The Red Head community in Saint John, New Brunswick.
Red Head is a neighbourhood on the eastern edge of Saint John, New Brunswick. The Energy East pipeline would end in this community situated on the Bay of Fundy. The neighbourhood was recently rezoned as an industrial area and risks being the epicenter of the infrastructure for this pipeline.
CBC recently reported, “Irving Oil Ltd. and TransCanada Corp. have both been active in the real estate market in the Red Head area in recent weeks. …Irving Oil isn’t commenting on [these] purchases, which took place Dec. 10 when deeds to five properties owned by two Red Head families were transferred to 658273 N.B. Ltd. …Well over 10 square kilometres of land in the immediate area is already registered to the same company. …It is unknown whether the purchases are tied to the proposed liquefied natural gas export terminal, the Energy East Pipeline project or to a third, indirect, project, such as a heavy oil upgrader refinery.”
The article adds, “Community activists, such as Gordon Dalzell of the Clean Air Coalition, can only speculate on what is planned for the land. …Whatever the case, Dalzell says people in the community have a right to know what changes could come to the neighbourhood.” He says, “That has an impact on the social life of the community. When you look at the development in the community this is so important and it affects so many people. I think the public have the right to know more what’s going on behind the scenes here.”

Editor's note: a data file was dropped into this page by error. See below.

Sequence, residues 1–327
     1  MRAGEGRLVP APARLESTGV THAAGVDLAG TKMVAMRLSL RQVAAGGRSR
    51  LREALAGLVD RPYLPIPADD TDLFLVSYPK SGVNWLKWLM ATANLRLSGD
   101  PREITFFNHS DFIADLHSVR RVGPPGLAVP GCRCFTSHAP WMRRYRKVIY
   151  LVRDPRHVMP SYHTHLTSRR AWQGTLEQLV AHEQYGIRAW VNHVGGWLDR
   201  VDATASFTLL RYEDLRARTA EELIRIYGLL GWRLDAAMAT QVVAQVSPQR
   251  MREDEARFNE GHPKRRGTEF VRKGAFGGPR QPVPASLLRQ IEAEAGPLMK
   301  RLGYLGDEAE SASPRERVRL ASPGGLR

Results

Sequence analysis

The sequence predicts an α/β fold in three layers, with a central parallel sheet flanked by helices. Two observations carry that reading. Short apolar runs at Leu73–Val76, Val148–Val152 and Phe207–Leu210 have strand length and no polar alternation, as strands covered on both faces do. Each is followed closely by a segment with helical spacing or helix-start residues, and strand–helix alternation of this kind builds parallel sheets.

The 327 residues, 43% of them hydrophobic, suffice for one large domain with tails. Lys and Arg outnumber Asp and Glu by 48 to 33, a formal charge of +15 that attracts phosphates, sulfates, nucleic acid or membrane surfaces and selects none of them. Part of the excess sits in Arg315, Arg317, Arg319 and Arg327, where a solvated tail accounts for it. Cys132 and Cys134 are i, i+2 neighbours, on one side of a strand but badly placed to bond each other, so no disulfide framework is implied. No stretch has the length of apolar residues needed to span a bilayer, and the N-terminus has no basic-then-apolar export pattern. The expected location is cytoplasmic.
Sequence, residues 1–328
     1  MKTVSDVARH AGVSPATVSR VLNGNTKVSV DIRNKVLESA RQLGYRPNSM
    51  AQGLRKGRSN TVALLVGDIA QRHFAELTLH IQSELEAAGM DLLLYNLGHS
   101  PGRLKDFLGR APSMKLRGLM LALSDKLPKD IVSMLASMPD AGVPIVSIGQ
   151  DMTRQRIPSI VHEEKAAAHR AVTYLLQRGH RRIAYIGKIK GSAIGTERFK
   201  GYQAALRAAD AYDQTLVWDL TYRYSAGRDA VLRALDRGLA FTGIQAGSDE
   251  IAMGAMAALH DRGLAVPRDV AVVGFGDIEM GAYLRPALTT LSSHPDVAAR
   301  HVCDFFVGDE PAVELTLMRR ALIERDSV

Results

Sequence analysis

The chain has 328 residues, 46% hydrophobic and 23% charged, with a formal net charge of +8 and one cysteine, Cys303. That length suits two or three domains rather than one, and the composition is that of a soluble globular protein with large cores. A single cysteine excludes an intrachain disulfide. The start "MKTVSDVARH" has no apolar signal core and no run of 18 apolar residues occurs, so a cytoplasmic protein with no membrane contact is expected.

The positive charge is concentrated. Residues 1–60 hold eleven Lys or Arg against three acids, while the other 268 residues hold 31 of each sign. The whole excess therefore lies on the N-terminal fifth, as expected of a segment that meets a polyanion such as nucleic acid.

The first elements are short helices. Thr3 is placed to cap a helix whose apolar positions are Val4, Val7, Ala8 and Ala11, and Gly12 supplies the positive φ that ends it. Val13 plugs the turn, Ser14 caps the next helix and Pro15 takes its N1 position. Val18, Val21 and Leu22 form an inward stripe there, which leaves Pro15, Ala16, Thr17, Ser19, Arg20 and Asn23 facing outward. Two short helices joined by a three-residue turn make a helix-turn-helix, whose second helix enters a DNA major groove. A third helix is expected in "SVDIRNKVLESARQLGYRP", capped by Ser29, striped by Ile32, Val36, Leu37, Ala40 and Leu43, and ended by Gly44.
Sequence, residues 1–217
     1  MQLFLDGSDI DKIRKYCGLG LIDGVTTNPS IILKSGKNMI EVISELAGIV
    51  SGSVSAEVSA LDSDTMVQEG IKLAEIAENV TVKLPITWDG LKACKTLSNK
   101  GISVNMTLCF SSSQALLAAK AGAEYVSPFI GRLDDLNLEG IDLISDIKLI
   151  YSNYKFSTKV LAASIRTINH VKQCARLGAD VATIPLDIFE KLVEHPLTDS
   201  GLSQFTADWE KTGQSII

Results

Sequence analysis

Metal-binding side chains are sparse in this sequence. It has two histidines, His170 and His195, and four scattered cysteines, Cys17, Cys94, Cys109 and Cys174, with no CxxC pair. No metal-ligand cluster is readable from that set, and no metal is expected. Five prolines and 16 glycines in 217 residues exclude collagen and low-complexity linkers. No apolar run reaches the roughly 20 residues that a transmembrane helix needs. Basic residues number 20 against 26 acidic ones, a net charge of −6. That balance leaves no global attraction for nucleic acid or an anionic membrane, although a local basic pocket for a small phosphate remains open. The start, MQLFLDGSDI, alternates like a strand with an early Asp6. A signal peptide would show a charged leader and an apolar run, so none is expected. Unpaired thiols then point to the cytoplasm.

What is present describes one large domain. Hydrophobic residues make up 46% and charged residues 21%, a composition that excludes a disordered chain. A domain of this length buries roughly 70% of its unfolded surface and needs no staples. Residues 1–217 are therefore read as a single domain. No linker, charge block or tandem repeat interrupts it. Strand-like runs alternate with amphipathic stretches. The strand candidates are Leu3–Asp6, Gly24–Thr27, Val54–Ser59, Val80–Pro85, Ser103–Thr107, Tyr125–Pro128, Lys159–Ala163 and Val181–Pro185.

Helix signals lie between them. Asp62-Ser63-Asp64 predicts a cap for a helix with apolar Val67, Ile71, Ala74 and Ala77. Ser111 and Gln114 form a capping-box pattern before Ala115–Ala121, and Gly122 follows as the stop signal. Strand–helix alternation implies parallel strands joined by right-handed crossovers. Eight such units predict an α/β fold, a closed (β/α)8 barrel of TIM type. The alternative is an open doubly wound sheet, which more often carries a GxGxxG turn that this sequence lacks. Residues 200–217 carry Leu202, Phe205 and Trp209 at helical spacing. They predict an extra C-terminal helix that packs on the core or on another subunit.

Red Head resident Lynaya McKinley, who lives just three kilometres from the terminus of the proposed pipeline, adds, “The risks are just too high. My community’s health would be put at risk by an inevitable spill.”
We agree with the Clean Air Coalition, McKinley and other community residents concerned about this project.
Council of Canadians campaigner Andrea Harden-Donahue has commented, “Energy East would see the pipeline end in a community called Red Head, recently rezoned as an industrial area, which would be home to a new 18 tank terminal storing over 1 million litres of oil. The spectre of a spill and volatile organic compounds making it into their air is a growing concern.” The crude oil from the 1.1 million barrels per day Energy East pipeline that would be stored in tanks before being exported on supertankers through the Bay of Fundy would emit volatile organic compounds, including cancer-causing benzene and toluene.”
We are additionally concerned by reports that TransCanada has set up a community liaison committee that excludes numerous members of the community who want to bring forward their concerns about this project.
TransCanada only sent letters to people living right next to the tank field and deep water port to be on this liaison committee, not the whole ‘ground zero’ community affected by this project. City councillors and residents have asked for the process to be more inclusive, but TransCanada refuses. While the company claims to have met with all communities affected, we have been told that residents have tried twice to enter community liaison meetings being held at the Red Head United Church and have been refused entry.
The Energy East pipeline would impact this community and they have the right to be heard. We call on the company to ensure that inclusive community consultations take place and that local concerns about air quality and oil spills are recognized and respected.